Two thousand years later, might Jesus ask us the same: are you a disciple of mine, and yet you do not understand these things?

Like Nicodemus, we mostly come to God by way of the night, feeling our way, blinking in the dark, unsure yet hopeful, and carrying the heavy load of self and world, and of our beliefs both conscious and unconscious. But, as I believe it was for Nicodemus, we are drawn to Jesus by the gravitational force of God’s unconditional love that is ever calling us forth from the oppressive darkness of ignorance and sin into the freedom and light of new life. 

This new life is the eternal indwelling and outpouring of God’s Self in Love. This exquisite intimacy of the Father, Son, and Holy Spirit reveals a divine life that is relational, reciprocal, and responsive; interconnected, interdependent, and participatory in the revelation of its common purpose of love. This eternal life of God is shared with us because that is what the life of God is: a self-sharing of unconditional and creative love. This flowing unity of three Persons is expressed throughout the cosmos in at least seven billon ways. 

So perhaps we’re not really talking about a doctrine or belief. Maybe the Trinity is the primary event or action of God, after which our own being and becoming is patterned. Three-ness is a rhythm, progression and measure intrinsic to the created order of birth, life, death; father, mother, child; beginning, middle, end; past, present, future; height, width, and depth; time, space, and matter.

The rule of three abounds in colloquialisms—we make three wishes and third time’s a charm; good things, as well as trouble, come in threes; on the count of three, ready, set, go! going, going, gone; as does the trope of three abound in fairy and folk tales, such as the Three Little Pigs, Three Blind Mice, Goldilocks and the Three Bears, and lions and tigers and bears, oh my! The narrative of our own faith accounts for three Wise Men, three Temptations of Christ, three denials by Peter, three Crosses at Calvary, three Marys at the Cross and Tomb, three days in the Tomb, and three Resurrection appearances; faith-hope-love are the great triad of Christian virtue. 

We embody the triune God as the Creator Father and Mother when we are imaginative and generative, be it by writing a sermon or poem, making a meal or quilt, planting a garden and tending to relationship. When we have compassion and bestow its blessing upon the other who is different and hard to accept, we live as the beloved Son and Daughter of God. When we let go and forgive, and seek healing for all persons, God’s Holy Spirit is most assuredly moving within us. Though we might pray directly to one of the three divine Persons, our prayer is always trinitarian as Jesus ever prays in us and with us through the Spirit to the Father.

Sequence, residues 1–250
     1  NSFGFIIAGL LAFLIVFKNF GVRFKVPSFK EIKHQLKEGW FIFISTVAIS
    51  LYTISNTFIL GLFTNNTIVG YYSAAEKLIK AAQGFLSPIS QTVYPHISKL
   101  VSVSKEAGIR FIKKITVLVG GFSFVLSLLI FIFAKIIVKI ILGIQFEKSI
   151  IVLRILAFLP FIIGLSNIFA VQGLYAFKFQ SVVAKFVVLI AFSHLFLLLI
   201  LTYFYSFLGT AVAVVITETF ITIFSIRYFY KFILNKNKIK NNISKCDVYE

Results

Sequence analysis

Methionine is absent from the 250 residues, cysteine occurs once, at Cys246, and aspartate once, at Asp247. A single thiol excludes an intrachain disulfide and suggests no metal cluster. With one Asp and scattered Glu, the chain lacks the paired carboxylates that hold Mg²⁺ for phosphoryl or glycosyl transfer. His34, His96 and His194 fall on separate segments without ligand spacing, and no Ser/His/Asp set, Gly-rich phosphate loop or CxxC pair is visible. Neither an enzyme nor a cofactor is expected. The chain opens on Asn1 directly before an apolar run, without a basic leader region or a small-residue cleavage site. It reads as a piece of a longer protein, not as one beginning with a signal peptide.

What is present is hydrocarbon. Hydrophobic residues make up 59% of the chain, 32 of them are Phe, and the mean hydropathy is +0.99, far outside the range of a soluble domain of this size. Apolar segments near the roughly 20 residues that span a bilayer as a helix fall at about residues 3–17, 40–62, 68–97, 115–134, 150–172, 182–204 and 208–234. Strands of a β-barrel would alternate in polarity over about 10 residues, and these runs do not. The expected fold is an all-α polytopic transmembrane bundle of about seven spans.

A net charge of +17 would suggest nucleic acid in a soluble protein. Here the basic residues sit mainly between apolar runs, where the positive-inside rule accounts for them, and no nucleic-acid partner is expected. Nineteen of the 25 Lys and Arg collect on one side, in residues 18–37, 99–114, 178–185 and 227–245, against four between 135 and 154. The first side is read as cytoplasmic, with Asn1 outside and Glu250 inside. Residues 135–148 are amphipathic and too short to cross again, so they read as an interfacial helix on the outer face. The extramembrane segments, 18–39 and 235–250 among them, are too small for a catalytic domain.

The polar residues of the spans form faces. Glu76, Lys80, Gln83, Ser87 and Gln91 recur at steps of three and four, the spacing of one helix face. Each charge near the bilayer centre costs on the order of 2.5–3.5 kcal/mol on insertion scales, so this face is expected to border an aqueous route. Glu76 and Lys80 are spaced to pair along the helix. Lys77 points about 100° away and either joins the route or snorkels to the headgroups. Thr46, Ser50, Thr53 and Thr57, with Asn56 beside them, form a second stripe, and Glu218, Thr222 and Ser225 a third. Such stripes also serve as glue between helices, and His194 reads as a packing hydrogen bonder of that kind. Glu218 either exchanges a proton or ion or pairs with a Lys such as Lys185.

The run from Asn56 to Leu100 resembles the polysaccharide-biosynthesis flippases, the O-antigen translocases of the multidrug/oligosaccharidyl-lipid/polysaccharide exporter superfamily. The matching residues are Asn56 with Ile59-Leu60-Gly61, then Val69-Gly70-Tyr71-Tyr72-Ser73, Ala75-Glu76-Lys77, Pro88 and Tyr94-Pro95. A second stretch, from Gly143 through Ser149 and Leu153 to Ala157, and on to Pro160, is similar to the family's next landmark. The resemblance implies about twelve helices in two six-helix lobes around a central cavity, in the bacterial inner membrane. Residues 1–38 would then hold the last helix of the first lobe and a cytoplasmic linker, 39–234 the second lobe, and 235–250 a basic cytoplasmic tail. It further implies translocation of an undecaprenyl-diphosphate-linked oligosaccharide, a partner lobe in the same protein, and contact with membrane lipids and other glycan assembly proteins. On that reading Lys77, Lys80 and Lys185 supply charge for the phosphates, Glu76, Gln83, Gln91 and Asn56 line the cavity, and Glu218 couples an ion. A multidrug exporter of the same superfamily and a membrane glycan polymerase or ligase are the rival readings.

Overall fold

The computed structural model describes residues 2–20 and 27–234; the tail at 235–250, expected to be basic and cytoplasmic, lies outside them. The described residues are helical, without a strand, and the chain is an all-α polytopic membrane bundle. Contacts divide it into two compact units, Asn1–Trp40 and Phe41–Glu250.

Being made in the image and likeness of the One who is Three means that our identity isn’t determined by “mutual negation” or “disjunctive divide”—I am me by not being you—but through mutual affirmation—I am me and you are also-me; or I am self and you are also-self. As Jesus teaches, we are all to be “one” as are he and the Father and Spirit, their unity imaged in life abundant or diversity.  But we’ve got to get comfortable with asymmetry, and a reality that is not fixed or oppositional, but fluid, dynamic, and relationally transfigured by the mutuality of love.

God the Holy Trinity is indeed a mystery to be caught up into, even tripped up by! What a marvelous gift we have been given, this effort of flesh to discern and think, learn, contemplate, imagine and express an Absolute that is ultimately beyond answer; for if we were never to grapple with and reflect upon the mystery of life itself, we would become rather crude reductionists enslaved within our own dead skin of meaninglessness. 

In considering our existential three-ness, we can’t help but be humbled and a bit mad: does 1+1+1= 3? or do the Father, Son, and Spirit equal one? Or is it unity? Or possibility? Or the sum of revelation? 

Or is it grace, for which we ever pray.